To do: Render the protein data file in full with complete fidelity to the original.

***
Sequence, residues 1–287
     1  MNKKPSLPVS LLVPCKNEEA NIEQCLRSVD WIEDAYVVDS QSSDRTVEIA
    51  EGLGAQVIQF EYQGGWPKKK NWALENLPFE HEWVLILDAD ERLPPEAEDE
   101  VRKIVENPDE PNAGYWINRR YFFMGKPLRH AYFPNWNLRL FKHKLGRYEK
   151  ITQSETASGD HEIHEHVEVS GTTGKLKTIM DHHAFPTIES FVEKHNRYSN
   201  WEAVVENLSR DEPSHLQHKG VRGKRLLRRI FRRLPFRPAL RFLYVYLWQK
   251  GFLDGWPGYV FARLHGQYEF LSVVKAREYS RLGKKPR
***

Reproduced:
Sequence, residues 1–287
     1  MNKKPSLPVS LLVPCKNEEA NIEQCLRSVD WIEDAYVVDS QSSDRTVEIA
    51  EGLGAQVIQF EYQGGWPKKK NWALENLPFE HEWVLILDAD ERLPPEAEDE
   101  VRKIVENPDE PNAGYWINRR YFFMGKPLRH AYFPNWNLRL FKHKLGRYEK
   151  ITQSETASGD HEIHEHVEVS GTTGKLKTIM DHHAFPTIES FVEKHNRYSN
   201  WEAVVENLSR DEPSHLQHKG VRGKRLLRRI FRRLPFRPAL RFLYVYLWQK
   251  GFLDGWPGYV FARLHGQYEF LSVVKAREYS RLGKKPR